I did have a lot of fun telling my SO over the phone one night that a girl who lived in my dorm asked me "YOU have a boyfriend?!" with her eyes bugging out.... Nice to know I can make people jealous, sometimes. Even if it is partially because of their own stereotypes--obviously, I'd just shattered that one.
rambler (evil sometimes!)
[This message has been edited by rambler (edited 03-18-2001).]
I am not physically disabled nor have I been involved with anyone who is but coz my mum used to be in social work, I do know of a few people who are physically disabled.
The one problem I really have is that I'm honestly terrified that I will hurt them. Like if I see someone who is paralysed and in a wheelchair, I still think that if I touch him/her, I will hurt him/her. And I don't want to do that. Hence I end up treating them like these super fragile porcelain dolls which isn't very complimentary to many physically disabled people.
So if I were to be sexually involved with someone with a physical disability, chances are I would be terrified to hold him and touch him for fear of hurting him.
I think I really have to start dealing with this. But other than this fear which I am sure stemms from the fact that the disabled are always portrayed as weak and helpless, I think I would be totally fine with being sexually involved with someone whom has a physical disability.
Hmmm, I had a sexual partner who had one amputated leg. He also had a huge scar running across most of his torso where they took out muscle to use for something or other to save his life after he had this huge accident. At first I wasn't quite sure how to handle it and how to treat him. I was a little surprised at first to realize that a disability doesn't equal celibacy. When I was walking down the street next to him wheeling down the street(before he got a prosthesis) I felt very akward looking down to talk to him. When we became sexually active together, I tried to not make a big deal out of the fact that half of his leg was missing. It was very much like not saying anything about the pink elephant in the corner of the room -I feel like I just completely butchered that phrase. Anyway, at some point I just realized that he would be less offended if I was just honest with him. I learned to acknowledge his disability without making a big deal of it. For example, if I was running my hands over his chest without his shirt on, I wouldn't avoid the scar. I just treated it as a part of him. That is really the key to having a sexual partner with a disability. You're attracted to your partner, right? And the disability is a part of your partner . . . so, learn to embrace the disability as just anothere part of your partner's beautiful body.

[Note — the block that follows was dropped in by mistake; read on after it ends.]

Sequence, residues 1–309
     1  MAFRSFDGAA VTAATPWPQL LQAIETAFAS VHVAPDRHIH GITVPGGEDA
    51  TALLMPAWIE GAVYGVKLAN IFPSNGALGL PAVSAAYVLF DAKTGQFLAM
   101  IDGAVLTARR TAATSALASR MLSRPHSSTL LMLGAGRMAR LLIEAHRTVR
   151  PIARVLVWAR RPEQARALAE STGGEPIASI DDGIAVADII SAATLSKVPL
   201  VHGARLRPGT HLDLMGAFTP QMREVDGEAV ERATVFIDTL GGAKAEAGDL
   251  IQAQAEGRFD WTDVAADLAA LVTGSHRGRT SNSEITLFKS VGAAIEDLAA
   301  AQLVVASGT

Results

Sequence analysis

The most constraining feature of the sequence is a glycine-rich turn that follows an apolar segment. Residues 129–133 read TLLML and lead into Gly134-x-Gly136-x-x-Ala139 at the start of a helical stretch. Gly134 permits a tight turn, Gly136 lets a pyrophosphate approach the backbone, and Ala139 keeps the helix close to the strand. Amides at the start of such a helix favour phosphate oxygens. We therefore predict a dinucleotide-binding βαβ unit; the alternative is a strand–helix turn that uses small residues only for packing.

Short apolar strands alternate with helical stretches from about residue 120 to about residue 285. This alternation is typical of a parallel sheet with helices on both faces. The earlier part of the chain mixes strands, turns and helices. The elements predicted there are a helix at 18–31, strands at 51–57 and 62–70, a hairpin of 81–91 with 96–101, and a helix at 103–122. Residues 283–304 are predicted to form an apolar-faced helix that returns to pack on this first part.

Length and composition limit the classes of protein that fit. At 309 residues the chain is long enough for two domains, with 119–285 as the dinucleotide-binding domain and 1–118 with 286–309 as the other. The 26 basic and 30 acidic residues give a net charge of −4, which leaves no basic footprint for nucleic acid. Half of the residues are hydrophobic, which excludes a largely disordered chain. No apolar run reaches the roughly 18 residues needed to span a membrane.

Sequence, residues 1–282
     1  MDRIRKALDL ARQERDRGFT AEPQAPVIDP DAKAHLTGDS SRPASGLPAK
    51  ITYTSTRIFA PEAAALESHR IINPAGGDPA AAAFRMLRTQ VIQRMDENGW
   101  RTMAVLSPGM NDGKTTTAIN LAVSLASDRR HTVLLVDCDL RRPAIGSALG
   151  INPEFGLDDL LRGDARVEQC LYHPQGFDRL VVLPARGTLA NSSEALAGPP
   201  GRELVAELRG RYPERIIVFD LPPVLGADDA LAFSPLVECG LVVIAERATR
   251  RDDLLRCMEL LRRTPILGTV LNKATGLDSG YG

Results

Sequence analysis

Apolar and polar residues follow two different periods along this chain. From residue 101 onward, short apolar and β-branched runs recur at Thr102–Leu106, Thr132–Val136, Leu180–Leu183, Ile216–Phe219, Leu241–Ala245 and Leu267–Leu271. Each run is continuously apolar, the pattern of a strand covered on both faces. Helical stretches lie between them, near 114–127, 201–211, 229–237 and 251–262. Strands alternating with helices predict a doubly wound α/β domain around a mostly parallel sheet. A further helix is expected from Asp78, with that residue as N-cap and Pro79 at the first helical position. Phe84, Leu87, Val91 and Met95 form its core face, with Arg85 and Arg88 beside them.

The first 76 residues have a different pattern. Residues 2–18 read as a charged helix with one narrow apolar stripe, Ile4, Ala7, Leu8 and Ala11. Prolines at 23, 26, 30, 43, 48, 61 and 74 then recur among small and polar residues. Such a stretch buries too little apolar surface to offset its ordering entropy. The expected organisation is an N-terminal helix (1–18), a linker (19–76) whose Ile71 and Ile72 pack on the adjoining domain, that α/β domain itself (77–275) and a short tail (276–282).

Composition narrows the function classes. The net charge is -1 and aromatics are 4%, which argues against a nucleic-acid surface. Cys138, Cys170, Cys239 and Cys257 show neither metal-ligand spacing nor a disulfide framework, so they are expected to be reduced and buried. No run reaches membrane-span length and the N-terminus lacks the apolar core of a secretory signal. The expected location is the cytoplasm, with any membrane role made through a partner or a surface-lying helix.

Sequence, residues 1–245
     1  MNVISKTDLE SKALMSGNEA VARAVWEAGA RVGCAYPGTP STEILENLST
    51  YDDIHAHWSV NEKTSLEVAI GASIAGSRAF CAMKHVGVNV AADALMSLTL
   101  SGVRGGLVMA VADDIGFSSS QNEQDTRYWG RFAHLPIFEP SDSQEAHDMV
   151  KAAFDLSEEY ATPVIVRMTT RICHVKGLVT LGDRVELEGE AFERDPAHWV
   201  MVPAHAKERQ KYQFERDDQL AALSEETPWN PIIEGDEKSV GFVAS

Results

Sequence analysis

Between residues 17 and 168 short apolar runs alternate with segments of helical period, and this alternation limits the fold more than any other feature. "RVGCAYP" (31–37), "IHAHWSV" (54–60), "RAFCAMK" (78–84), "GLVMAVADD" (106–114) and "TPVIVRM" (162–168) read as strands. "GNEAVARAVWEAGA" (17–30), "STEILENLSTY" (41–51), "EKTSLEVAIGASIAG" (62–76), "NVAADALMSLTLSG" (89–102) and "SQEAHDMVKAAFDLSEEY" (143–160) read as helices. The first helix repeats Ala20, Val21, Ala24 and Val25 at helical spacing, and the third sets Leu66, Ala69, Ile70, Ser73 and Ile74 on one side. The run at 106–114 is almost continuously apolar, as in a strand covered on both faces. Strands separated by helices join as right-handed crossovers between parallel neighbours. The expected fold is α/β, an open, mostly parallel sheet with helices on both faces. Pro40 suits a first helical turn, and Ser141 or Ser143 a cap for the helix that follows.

I wanted to really quickly address what Lin said. This "china doll" stereotype has been very prevalent in my life. It is a VERY common misconception people have, so, Lin, you shouldn't think you are weird for thinking that way. But it's still a misconception.
Some disabled people do have pain associated with their disabilities. For instance, people with arthritis really have to adapt their sex lives (and daily activities, everything) around what they can do without being in pain. People who are spastic (like me) have to also be careful during sex, and improvise somewhat. But those are specific instances of problems that may arise with CERTAIN disabilities. (I'm just being honest here, not trying to freak you out by mentioning some disabilities which can have painful side effects...there are also a few which result in brittle bones...)
Occassionally I fall over, or I stub my toe, or I have a spasm during sex. I just get up again, rub my toe a bit, or ask my partner to slow down please so my body can relax more. The most I'm probably going to get is a few scratches! It's not the same for everyone, though. For a hemopheliac <sp>, a scratch is dangerous, for me it's nothing. For a paraplegic (paralyzed below the waste), they may not have sensation (some do), and then certain things can be dangerous like they won't know if they have certain infections and they can get pressure sores from not moving enough. So it's REALLY dependent on the disability but generally we're heartier than we look. I promise you. Example: I have very small stature because my back is curved and small stature is fairly common for people with my disability. So I have people asking me if I'm in eighth grade all the time. I am a sophomore in college! And I'm just SMALL, which doesn't really mean much, but it really effects the way people assume I can function. And they're usually incorrect. I am not going to snap in half, and if I fall over I'll probably just laugh it off.